Career Choice Level: Untraditional !

Breaking stereotypes

Everything comes with a price tag. Maybe not always literally, but nothing really comes for free; especially freedom. I’m not talking about national or political freedom, those are big things. I’m talking about the simple freedom to choose your future career by your own will. It may seem trivial, but coming from a Pakistani kid, it’s something to be valued.  As is the harsh reality of our stereotype victimized society, ‘successful’ professionals are only potential doctors and engineers in the eyes of most parents, who ensure the apparent ‘bright’ future of their children by hypnotizing them to see doctors and engineers as ideals, and when the time comes, doing a big favour by presenting them with the ‘freedom’ to choose either of the two.

Being privileged enough to have parents who gave me the real freedom to opt for any field of study I wanted to; the price I had to pay was making a decision on my own. I know I sound ungrateful, but as a 17 year old adolescent unable to determine what I want, it was like having to pick a random card from the stack laid out face down in front of me, knowing it would decide my future. Surprisingly, or maybe not, (my indecisiveness continues to be as obvious as ever even now) the suggestions I asked for only seemed to confuse me more.

Not boasting, but being the ‘straight A’ student, I got to hear this often, “You’ve got good grades, you can easily get into a medical college, so why should you worry?” and “You’re capable of doing well in engineering, so go for it!” Why do our grades tend to define what we ‘should’ do or are ‘capable’ of doing? Assuming for a moment that they somehow do, even so, do fields other than medicine and engineering not need ‘capable’ people? The only thing that this led me to resolve was that I would not choose my career to be high-profile based merely on my high school grades, but I would look for something new, that I will come to love. You could compare it to the spiritual journey of a guru in search of ‘inner peace’ and it wouldn’t be much different.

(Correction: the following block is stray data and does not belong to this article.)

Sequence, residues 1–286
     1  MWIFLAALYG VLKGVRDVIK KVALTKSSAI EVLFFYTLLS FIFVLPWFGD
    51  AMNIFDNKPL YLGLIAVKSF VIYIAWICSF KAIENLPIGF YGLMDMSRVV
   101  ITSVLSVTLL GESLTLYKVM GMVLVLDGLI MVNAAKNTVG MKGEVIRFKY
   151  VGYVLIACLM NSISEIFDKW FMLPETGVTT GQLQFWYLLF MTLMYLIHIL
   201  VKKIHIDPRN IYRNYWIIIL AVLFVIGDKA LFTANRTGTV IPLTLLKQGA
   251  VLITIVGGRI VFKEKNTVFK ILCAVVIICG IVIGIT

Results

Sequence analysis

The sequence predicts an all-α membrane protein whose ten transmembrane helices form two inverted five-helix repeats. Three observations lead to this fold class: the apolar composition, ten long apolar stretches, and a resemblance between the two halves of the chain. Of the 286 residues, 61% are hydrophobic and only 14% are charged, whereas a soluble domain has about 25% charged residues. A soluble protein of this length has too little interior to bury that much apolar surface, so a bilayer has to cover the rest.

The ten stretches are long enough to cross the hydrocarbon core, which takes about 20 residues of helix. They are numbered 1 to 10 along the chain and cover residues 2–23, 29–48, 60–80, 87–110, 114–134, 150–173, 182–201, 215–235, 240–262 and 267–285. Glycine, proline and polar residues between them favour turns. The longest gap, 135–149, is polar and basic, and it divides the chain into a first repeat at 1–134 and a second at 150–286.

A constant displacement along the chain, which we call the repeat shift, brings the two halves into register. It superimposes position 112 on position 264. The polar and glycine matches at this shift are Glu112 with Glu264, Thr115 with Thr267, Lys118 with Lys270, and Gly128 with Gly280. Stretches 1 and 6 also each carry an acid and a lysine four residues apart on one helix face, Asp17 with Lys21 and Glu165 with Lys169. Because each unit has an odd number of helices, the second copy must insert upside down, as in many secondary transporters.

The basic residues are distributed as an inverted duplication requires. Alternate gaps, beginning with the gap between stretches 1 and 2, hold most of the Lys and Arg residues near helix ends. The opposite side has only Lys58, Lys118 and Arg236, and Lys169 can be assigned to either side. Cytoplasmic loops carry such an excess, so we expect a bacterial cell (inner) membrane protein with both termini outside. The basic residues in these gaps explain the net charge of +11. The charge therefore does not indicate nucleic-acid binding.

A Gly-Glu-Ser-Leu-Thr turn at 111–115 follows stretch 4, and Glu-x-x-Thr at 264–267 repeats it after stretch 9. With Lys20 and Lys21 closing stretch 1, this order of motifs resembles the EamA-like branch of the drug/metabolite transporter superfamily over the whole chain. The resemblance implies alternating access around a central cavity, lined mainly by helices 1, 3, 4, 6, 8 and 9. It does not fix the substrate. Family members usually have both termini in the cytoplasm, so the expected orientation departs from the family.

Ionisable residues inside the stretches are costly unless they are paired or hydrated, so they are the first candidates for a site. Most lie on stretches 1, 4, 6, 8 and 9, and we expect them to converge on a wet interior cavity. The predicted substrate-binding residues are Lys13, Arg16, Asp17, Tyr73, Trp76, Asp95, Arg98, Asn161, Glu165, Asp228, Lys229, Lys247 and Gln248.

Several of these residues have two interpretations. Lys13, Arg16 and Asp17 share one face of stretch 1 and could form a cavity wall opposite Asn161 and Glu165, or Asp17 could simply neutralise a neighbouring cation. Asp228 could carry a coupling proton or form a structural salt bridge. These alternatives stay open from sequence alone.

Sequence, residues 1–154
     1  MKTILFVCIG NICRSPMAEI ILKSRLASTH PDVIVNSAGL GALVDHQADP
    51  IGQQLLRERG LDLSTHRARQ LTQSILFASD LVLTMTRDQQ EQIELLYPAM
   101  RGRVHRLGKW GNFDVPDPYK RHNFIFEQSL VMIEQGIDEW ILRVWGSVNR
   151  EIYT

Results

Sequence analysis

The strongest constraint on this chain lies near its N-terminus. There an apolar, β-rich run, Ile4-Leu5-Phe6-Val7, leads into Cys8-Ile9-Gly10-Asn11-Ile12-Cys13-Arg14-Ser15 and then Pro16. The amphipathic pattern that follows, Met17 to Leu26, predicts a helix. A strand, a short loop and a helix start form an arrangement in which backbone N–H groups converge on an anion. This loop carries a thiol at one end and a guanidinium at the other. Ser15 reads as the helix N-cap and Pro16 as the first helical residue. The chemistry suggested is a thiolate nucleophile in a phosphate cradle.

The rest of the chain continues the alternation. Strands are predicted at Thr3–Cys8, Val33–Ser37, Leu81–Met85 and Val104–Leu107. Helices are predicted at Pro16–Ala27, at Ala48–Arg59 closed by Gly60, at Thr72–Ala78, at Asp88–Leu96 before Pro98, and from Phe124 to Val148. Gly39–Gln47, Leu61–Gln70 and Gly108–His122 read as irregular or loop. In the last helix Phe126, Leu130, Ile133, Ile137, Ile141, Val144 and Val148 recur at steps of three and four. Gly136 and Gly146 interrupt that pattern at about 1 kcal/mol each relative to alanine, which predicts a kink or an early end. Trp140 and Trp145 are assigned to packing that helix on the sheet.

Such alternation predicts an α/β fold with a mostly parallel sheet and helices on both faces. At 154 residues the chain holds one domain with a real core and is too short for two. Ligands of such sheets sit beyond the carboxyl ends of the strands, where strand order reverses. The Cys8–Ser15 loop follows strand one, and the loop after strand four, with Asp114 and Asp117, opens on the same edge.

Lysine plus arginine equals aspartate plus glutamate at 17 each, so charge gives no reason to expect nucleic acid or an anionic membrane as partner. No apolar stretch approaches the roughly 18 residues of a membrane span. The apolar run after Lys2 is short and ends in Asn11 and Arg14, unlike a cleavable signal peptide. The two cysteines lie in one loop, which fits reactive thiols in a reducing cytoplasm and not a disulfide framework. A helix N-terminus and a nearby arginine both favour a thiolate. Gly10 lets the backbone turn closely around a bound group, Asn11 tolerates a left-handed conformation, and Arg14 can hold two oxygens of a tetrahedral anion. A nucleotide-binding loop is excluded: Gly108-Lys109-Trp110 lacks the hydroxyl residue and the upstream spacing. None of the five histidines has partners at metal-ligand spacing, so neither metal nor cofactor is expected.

On the quest, which was primarily limited to Google and Wikipedia, I came across Computer Science listed as a degree program. Curious since no one had mentioned that before, the words that caught my attention were: mathematical, algorithms, logical, problem-solving and so on. It was what I had been looking for! At least I thought so then, and I was right. Now a year into my BS (CS) program, I know my blind shot had hit a home run. The reply I got after saying that to a friend was, “Why not Software Engineering? It’s almost the same thing as CS. You’ll get to be an ‘engineer’ that way.” That was indeed testing my patience.

There’s much more to life and careers than ‘being engineers’ or doctors alike. No doubt, medicine and engineering are worthwhile professions which I, in no way, undermine, but it’s just not for everybody. There’s just as much to CS or another field as there is to the “tough two”. It’s all about what you click with. We all connect to the strongest Wi-Fi, why not do the same with careers? When you have to do something probably for the greater part of your adult life, might as well enjoy it, and I have been enjoying CS. It’s as simple as that. Having said that and now speaking in favour of my future profession, what would Medicine and Engineering be like without Computer Science?

career choice

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